Show
          Vinod Kumar Vavilapalli added a comment - Some details about configuration: pmem denotes the limits of job and TT w.r.t physical memory vmem denotes the limits of job and TT w.r.t virtual memory Job Configuration: Already addressed cases: If pmem, and vmem are both specified, or both not specified(disabled/job doesn't care), we use them as they are. If pmem is not specified but vmem is specified, the above proposal is to adjust pmem to be a percentage(say P) of vmem. Cases not addressed: The proposal doesn't address the edge case when pmem is specified but vmem is not specified. I propose that, in the similar vein as above, we adjust vmem to be (100/P) of pmem. TT Configuration: Already addressed cases: If offsets for vmem and pmem are both specified, TT takes care of overflowing tasks itself by doing virtual memory management, Scheduler uses both vmem and pmem for scheduling and using the latter controls thrashing. If offsets for both vmem and pmem are not specified, TT doesn't care about overflowing tasks and disables virtual memory management, Scheduler neglects scheduling based on vmem and pmem and cannot attempt avoiding thrashing/task overflow. Cases not addressed: If offset for vmem is specified but not for pmem. We have two alternative approaches here. We already calculate the total pmem reporting. So, take the pmem offset to be zero and use the total pmem available and (vmem - vmemoffset) for scheduling. vmemoffset by default will be zero. So, we just need another configuration and a field in TaskTrackerStatus to specify whether vmem is disabled/enabled. Note that today we overload total vmem and by extension vmemoffset to also specify enabling/disabling of task memory management. Only use vmem for scheduling and don't care about pmem and thus make no attempt to avoid any possible thrashing. If offset for pmem is specified but not for vmem. We have two alternative approaches here also. We already calculate the total vmem reporting. So, take the vmem offset to be zero and use the total vmem available and (pmem - pmemoffset) for scheduling. Only use pmem for scheduling to avoid any possible thrashing, but don't care about vmem and thus make no attempt to avoid any possible overflowing of tasks. I prefer the first solutions to the later in both the above cases, as we are making our best efforts to prevent thrashing and task overflowing in those solutions. Thoughts?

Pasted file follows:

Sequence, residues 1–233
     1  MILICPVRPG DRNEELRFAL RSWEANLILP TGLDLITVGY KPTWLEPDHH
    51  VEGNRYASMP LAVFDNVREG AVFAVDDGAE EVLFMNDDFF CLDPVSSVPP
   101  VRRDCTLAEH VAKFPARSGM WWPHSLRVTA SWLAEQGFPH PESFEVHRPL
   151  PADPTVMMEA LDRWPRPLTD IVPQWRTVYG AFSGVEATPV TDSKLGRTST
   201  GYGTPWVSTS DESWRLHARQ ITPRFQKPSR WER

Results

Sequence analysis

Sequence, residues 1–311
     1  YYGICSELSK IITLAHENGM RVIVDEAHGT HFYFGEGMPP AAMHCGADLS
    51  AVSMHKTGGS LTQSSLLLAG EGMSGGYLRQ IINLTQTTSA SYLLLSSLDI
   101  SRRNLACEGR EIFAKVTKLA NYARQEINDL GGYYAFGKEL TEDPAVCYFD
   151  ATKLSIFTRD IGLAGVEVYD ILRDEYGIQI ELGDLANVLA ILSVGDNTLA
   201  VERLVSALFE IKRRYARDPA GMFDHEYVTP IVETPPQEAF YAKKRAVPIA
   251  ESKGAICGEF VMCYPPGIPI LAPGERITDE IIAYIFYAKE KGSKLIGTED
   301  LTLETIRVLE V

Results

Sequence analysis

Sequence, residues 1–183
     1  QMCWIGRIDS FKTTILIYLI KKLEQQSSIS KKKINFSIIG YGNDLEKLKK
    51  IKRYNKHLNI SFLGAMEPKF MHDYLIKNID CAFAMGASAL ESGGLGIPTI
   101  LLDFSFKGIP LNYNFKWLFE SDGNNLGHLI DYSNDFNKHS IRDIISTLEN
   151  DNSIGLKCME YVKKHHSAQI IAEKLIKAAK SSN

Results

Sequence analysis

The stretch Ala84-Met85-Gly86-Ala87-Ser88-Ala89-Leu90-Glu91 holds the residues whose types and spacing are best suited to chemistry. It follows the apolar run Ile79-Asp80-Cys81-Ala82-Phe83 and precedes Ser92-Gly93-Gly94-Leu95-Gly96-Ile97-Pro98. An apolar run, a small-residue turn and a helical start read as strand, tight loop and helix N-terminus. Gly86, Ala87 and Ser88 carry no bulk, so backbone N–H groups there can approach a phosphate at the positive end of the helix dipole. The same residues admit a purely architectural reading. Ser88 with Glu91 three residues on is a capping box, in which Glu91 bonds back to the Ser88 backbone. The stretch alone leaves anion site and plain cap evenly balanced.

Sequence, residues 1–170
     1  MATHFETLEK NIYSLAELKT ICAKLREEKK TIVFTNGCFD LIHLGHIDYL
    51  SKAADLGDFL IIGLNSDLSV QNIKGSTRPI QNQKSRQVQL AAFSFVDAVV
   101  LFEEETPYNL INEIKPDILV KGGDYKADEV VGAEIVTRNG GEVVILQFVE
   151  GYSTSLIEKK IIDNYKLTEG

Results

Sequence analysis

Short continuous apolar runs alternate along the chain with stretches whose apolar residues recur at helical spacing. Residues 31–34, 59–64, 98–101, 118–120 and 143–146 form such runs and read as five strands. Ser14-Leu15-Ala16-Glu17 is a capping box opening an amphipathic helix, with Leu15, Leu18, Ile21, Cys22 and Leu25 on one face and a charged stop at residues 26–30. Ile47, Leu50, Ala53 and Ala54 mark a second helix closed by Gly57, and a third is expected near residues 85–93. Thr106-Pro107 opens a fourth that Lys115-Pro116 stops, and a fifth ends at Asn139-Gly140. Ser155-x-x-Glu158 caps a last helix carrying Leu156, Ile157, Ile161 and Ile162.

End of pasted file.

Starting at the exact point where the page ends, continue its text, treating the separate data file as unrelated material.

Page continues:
Hide
          Vivek Ratan added a comment -

          As Vinod has brought up, there are some edge cases and details missing in the summary that we need to cover.

          We want monitoring to work independent of scheduler support, i.e., even if the scheduler you're using does not support memory-based scheduling, you may still want to make sure the TTs monitor memory usage on their machines and kill tasks if too much memory is used. Based on what we've described in the summary, the following three configuration settings are required for the TT to do monitoring: mapred.tasktracker.virtualmemory.reserved (the offset of total VM on the machine), mapred.task.default.maxvm (the default for maximum VM per task), and mapred.task.limit.maxvm (the upper limit on the max VM per task). It is proposed that: